In a news release, the Garcetti campaign described it as Obama’s “first major endorsement” since leaving the White House.

“As mayor of Los Angeles, Eric Garcetti has delivered by raising the minimum wage, creating jobs and expanding economic opportunity,” Obama said. “This past November, Eric led the campaign to pass the largest transportation infrastructure measure in our nation’s history. Eric is my friend, loyal ally and a great and visionary mayor of Los Angeles. I strongly endorse Eric Garcetti for a second term as mayor of Los Angeles.”

In a statement, Garcetti said: “I am honored and humbled to be endorsed by my friend and ally in making LA work for everyone, President Barack Obama. President Obama led us from the great recession, extended healthcare to millions of people and brought millions more closer to equality. Our work together helped create jobs, build infrastructure and lift people from poverty all across our city.”

The Democratic primary is set for March 7. Garcetti has 10 challengers.

Trump immigration ban showdown: How the lawsuit breaks down

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Trump's joke about civil forfeiture; or, why federalism matters


During a White House meeting with law enforcement on Tuesday, Sheriff Harold Eavenson of Rockwall County, Texas, complained to President Trump that local lawmakers are trying to reform civil forfeiture laws. In many states, those laws currently allow law enforcement to seize cash and property from their owners and keep them to boost police budgets, even if the owners aren’t convicted or even charged with a crime. Even worse, the owner usually has to prove that the property wasn’t used in a crime, a reversal of the “innocent until proven guilty” standard that prevails in criminal courts.

“There is a state senator in Texas who was talking about introducing legislation to require a conviction before we could receive that forfeiture money,” Sheriff Eavenson said to Trump. “And I told him that the cartel would build a monument to him in Mexico if he could get that legislation passed.”

“Who is the state senator?” Trump asked. “Want to give his name?”

He then offered, apparently in jest: “We’ll destroy his career.”

Yes, it was a joke, and for obvious reasons that was what everyone focused on. But forfeiture is a serious issue on which people at all points of the political spectrum are coming to recognize that due process and the rule of law are under threat. And civil forfeiture reform is an issue where Trump’s soon-to-be-confirmed Attorney General, Jeff Sessions, has been squarely at odds with conservatives for some time. States will need to resist federal pressure to keep this abusive practice going, just as they had to under President Obama, who was historically bad on this issue.

Some states — like Ohio, New Hampshire, Florida, Montana, Nebraska, Minnesota, Maryland and New Mexico — have recently passed civil forfeiture reforms. (Others, such as Michigan, have at least passed laws that require full transparency and reporting on forfeitures.) These states are already preventing the police from doing what it seems they obviously shouldn’t have been allowed to do in the first place: taking small cash and property from people who have been neither charged with nor convicted of any crime. It’s a surprisingly common practice, even though it sounds completely unconstitutional.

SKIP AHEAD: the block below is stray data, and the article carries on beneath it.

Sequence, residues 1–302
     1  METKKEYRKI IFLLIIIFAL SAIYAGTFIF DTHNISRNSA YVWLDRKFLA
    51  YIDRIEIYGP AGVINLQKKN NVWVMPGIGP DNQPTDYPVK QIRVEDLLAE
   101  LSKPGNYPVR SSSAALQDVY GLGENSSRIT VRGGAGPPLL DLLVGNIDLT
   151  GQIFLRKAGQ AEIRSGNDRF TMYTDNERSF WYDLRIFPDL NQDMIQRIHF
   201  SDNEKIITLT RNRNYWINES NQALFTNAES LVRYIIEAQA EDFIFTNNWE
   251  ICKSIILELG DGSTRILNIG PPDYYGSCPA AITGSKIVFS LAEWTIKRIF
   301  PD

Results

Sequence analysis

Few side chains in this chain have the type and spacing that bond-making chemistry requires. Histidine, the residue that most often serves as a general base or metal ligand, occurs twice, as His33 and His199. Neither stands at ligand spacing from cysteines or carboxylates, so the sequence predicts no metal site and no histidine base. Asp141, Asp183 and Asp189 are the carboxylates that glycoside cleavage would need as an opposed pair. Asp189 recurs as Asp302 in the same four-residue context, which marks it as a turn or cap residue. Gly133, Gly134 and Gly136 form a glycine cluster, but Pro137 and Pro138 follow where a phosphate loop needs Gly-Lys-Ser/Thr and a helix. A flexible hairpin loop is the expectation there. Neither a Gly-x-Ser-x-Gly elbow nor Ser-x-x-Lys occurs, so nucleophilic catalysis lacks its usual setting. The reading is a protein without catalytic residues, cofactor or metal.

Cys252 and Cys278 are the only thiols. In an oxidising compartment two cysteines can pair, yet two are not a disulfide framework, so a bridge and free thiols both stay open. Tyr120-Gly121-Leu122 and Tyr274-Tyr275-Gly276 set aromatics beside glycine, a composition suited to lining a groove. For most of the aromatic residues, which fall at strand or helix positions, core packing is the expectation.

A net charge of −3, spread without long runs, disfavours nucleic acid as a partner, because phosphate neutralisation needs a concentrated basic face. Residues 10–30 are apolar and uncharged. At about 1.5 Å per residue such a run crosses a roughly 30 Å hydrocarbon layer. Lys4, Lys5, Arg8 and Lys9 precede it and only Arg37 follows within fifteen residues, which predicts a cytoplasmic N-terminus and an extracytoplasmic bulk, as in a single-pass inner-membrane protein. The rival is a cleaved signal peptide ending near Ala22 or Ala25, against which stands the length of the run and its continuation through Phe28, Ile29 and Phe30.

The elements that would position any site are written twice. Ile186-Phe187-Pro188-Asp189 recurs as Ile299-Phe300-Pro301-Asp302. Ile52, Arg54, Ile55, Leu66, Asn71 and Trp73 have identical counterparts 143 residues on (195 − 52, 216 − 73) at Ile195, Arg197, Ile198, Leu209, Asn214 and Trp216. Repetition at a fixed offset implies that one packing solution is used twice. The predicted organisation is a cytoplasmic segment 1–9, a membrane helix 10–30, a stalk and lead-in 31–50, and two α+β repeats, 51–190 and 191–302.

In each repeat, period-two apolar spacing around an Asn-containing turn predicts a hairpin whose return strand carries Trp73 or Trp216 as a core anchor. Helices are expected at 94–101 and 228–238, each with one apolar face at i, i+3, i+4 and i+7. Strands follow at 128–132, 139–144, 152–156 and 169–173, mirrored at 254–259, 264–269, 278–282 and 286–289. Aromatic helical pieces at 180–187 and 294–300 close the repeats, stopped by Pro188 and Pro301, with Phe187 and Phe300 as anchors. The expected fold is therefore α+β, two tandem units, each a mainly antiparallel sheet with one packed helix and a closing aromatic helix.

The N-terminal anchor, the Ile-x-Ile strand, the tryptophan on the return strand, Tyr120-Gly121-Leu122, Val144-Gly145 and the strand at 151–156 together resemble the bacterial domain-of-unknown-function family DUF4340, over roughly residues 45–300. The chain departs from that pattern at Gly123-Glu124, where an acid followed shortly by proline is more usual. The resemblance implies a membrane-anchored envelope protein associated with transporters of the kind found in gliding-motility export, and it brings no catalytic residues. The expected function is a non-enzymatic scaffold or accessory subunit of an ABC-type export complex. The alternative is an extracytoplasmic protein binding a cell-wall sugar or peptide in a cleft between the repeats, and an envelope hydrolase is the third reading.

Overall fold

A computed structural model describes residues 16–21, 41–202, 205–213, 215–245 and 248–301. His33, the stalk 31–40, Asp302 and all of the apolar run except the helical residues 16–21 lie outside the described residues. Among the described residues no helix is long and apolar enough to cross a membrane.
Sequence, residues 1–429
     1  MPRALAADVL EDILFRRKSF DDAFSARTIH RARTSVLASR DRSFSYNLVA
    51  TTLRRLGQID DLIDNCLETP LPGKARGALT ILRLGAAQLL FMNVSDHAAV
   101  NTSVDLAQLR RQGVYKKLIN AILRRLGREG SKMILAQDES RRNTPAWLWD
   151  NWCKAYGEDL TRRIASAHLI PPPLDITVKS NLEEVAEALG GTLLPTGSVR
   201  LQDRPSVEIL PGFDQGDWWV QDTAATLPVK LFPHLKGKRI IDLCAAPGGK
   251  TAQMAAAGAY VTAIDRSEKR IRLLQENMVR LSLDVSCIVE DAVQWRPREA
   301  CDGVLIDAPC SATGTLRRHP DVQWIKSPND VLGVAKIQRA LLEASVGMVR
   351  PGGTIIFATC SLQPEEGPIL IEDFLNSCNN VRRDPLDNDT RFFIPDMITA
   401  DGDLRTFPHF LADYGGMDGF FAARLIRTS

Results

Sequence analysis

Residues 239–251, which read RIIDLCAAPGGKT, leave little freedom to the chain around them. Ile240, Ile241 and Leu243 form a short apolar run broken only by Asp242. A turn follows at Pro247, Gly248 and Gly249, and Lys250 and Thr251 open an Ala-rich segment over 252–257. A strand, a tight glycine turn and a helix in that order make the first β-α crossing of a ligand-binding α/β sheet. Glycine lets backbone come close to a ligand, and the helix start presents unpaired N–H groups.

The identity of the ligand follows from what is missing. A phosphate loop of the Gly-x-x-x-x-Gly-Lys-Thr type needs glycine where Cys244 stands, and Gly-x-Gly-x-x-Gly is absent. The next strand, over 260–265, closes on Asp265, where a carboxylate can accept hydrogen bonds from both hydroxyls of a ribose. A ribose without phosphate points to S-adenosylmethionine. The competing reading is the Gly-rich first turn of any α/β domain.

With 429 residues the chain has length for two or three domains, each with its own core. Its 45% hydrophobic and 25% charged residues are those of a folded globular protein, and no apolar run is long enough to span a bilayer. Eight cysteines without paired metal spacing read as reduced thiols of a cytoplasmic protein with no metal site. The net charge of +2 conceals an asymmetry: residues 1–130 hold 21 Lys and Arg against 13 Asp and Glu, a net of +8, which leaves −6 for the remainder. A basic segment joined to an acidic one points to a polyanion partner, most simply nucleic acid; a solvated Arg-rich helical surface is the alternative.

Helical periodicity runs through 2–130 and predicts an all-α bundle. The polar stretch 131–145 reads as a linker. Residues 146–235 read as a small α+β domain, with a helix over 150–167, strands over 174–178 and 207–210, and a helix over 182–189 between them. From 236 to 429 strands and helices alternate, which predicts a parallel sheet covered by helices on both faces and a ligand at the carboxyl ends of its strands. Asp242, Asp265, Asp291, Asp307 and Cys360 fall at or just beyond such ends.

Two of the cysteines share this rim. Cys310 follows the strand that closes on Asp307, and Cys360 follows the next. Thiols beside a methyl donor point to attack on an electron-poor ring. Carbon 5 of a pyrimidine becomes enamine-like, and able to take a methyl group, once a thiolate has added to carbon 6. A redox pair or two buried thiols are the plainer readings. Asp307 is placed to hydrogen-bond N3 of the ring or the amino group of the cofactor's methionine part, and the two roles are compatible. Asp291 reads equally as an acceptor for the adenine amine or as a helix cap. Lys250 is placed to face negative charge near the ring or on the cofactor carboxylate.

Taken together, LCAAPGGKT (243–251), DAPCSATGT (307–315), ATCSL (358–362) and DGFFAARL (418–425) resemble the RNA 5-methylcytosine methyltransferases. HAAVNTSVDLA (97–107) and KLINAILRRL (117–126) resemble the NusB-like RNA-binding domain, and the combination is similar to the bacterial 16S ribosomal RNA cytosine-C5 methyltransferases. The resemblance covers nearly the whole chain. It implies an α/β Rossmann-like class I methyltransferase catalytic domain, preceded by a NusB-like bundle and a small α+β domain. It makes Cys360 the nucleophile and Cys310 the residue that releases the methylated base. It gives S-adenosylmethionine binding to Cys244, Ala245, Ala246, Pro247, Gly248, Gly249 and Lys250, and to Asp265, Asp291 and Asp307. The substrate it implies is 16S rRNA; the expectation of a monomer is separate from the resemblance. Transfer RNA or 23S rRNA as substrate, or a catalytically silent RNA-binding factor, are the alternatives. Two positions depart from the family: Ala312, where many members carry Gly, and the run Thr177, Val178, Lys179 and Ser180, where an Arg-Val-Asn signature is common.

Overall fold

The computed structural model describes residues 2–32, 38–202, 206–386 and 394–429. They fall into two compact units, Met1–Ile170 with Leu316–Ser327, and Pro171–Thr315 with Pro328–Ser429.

Where implemented properly, these reforms are also preventing or hindering local law enforcement from circumventing state law by participating in the federal Justice Department’s Equitable Sharing program.

There’s no reason to assume that President Trump is especially knowledgeable on this issue, or that he knew for sure what he was condoning. But this is an area where conservatives should be unsparing with their criticism if necessary. Civil asset forfeiture is not just some obscure issue. It’s the difference between living in a country where the cops can shake you down for whatever is in your pockets, or even take your house away for a crime you didn’t even commit, or living in a country where such injustices don’t and cannot happen.

Fortunately, as long as state senators, legislators and governors refuse to be cowed, these reforms are going to happen, with or without Trump. Federalism matters.

Obama makes 'first major endorsement' since leaving White House

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California sheriffs back Sessions' stance on immigration


Six sheriffs from some California’s biggest counties met with Sen. Jeff Sessions Tuesday on Capitol Hill to back his nomination for attorney general, just a day before his expected Senate confirmation, and as President Trump is threatening to withhold federal funding to cities that shelter illegal immigrants.

Sheriff John McMahon of San Bernardino, the site of the December 2015 terrorist attack that killed 14 people, was strongly enthusiastic about Sessions.

“He wants to bring law enforcement together with the U.S. attorney general’s office and [have] everybody meet and talk about collaborative solutions to problems that we’re all facing locally, not only just in California but across the entire nation,” McMahon told the Washington Examiner. “And a good, close relationship with the attorney general’s office makes a big difference in what we’re able to do every day.”

After their meeting, the sheriffs said they are seeking Sessions’ support once he becomes attorney general as expected on Wednesday. That includes working together on several California-specific problems that are tying their hands when it comes to keeping illegal immigrants convicted or charged with major crimes detained in order to work with federal immigration authorities.

The sheriffs said they are already severely limited in how long they can hold illegal immigrants before they are forced to release them. California lawmakers also are advancing measures that would further restrict their ability to work with Immigration and Customs Enforcement to detain illegal immigrants charged but not convicted of crimes.

“Everyone in this room has the same issue,” McMahon said.

When inmates are booked into county facilities, local authorities send their fingerprint to ICE to determine whether they are wanted for deportation based on their charges and past records. If ICE wants to come pick them up, they have a very short window — less than 48 hours — in order to do so.